An alternative to traditional crowdfunding that you can use to fund your startup

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Every entrepreneur has felt the difficulty of raising funds for a business. It costs tens of thousands of dollars to launch even a modest startup, and potentially millions of dollars for a larger or more demanding idea. Old-school tactics like tapping into personal loans or seeking out an angel investor are still going strong, but these days more and more entrepreneurs are harnessing the power of crowdfunding.

The basics of crowdfunding

According to Invest.net, crowdfunding is “an online method of raising capital by which entrepreneurs or small business owners seek funds from the public for future ventures”. This type of campaign attracts many investors, who each play a small role in reaching a fundraising goal by contributing an idea of ​​interest.

By now you are probably familiar with other types of crowdfunding. You may even have contributed to someone else’s crowdfunding campaign. But traditional forms of crowdfunding usually call for contributions in exchange for an expected payment, such as a copy of a product in the future. With equity crowdfunding, contributions will be exchanged for shares in the business – in other words, each contributor to your equity crowdfunding campaign will become a partial owner of your business based on the amount they contribute.

The advantages of crowdfunding

There are several advantages to this model, including:

  • To reach With a crowdfunding campaign, you can hypothetically reach anyone in the world. If you support this campaign with marketing and advertising, you can instantly multiply your initial reach. More potential contributors increase your chances of achieving your financial goals and could increase the total amount of capital you generate.
  • Financial rationalization Equity crowdfunding also simplifies the investment process, thanks to simplified equity crowdfunding platforms that are available to entrepreneurs today. Although there are some legal limitations and regulations that you will need to consider, most of the time the process is simplified.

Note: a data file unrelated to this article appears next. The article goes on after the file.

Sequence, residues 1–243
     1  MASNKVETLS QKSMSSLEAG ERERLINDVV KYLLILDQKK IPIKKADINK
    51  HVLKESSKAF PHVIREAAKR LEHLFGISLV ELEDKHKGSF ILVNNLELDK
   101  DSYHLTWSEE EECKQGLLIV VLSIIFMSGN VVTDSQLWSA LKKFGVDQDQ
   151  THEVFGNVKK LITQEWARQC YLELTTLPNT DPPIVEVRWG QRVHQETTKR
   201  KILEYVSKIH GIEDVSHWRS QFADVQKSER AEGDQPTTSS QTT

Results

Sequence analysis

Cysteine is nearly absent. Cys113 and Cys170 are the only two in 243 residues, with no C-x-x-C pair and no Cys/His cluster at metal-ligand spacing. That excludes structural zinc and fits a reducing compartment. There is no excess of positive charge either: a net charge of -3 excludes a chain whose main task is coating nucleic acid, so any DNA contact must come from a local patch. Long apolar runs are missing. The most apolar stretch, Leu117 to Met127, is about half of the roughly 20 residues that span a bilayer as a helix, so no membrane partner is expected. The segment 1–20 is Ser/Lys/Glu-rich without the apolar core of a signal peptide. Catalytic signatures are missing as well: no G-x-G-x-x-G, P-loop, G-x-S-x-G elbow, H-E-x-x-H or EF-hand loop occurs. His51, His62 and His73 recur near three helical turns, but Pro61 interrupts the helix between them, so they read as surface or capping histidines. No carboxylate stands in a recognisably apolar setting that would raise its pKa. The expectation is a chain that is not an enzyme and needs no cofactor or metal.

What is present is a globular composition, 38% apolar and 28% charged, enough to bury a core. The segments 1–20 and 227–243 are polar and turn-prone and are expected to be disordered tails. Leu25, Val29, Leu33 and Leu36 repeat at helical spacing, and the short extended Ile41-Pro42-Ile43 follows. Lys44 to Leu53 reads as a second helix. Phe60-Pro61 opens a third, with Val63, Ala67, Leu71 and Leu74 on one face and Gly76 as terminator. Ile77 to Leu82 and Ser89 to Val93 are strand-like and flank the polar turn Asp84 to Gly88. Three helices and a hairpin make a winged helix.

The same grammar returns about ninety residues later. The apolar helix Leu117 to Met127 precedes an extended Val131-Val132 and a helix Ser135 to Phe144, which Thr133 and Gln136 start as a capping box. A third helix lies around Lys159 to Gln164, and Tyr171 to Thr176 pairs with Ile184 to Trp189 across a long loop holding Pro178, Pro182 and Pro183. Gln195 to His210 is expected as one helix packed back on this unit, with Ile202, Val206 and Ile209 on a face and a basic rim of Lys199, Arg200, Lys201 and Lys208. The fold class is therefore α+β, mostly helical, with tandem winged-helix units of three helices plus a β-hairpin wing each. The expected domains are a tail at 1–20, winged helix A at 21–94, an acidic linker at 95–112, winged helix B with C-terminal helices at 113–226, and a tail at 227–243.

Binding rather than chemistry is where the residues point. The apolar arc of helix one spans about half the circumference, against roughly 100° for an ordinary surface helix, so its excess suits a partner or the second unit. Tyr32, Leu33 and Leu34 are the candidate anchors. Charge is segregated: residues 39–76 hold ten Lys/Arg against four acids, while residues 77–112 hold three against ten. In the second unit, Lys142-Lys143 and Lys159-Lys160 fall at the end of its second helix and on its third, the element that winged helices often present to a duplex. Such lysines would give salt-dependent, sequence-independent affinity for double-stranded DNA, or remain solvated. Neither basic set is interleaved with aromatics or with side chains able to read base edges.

• Debt elimination One of the most common ways to finance a business before crowdfunding was to take out loans. But getting into debt is not always a good thing; equity crowdfunding allows you to completely bypass this necessity.
  • Marketing Crowdfunding campaigns can also be a litmus test to gauge the strength of your idea. If no one wants to fund your business, you may need to revisit your business model and revise it to make it stronger.

Related: Will Switching From Kickstarter to Blockchain Make it Easier to Crowdfund Your Next Project?

The weaknesses of crowdfunding

However, there are also some weaknesses, especially when comparing equity crowdfunding to other forms of fundraising:

  • Inherent limitations – The Securities and Exchange Commission (SEC) regulates equity crowdfunding and equity crowdfunding platforms, so there are certain limitations in place. Fortunately, these limitations are quite forgiving; your business must be based in the United States or Canada, and you cannot raise up to $50 million via crowdfunding over a 12 month period (although this may vary depending on the fundraising tier you are using).
  • Costs – Most crowdfunding platforms charge a fee for the privilege of using these platforms for your campaign. Fees vary, but most fees are reasonable. Nevertheless, it is important to know that you will not get all the money for free.
  • Potential for failure – There is no guarantee that your campaign will be successful. If your crowdfunding round fails, you will have wasted a lot of time and still need to raise capital, possibly through a traditional method.
  • Legal requirements – On the surface, equity crowdfunding is relatively simple, but the basic legal frameworks can get complicated. You will likely need to work with a lawyer to make sure everything is up to par.
  • Risks of loss of equity – Some entrepreneurs fear losing part of the capital of their business. When you allow crowdfunding contributors to become partial owners of your business, you necessarily give up some control. Whether or not this is tolerable to you depends on your outlook and business goals.
  • Request for persuasive documents – Most people won’t give money to a business just because it looks good. They want to see a well-thought-out business model and a financial plan with significant potential for future earnings. If you don’t have these compelling documents, you’ll have a hard time raising the capital you need.

Related: 7 Steps to Creating a Crowdfunding Project That Will Bring You the Money You Need

Is equity crowdfunding right for your startup?

Crowdfunding isn’t inherently good or inherently bad, but it’s better for some startups than others. Before making a final decision for your business, consider the following variables:

  • The amount of financing you need
  • Personal goals and objectives
  • Business goals and objectives
  • Willingness to sell equity
  • Willingness to spend time assembling and promoting the campaign
  • Legal experience (and willingness to hire a lawyer)

For many modern entrepreneurs, equity crowdfunding is a godsend. This allows them to quickly and easily accumulate the capital they need to get started without having to search for the perfect individual investor or go into debt. For others, equity crowdfunding is more hassle than it’s worth. Weigh your options carefully before moving forward.

Related: 4 Great Ways to Fund Your New Business

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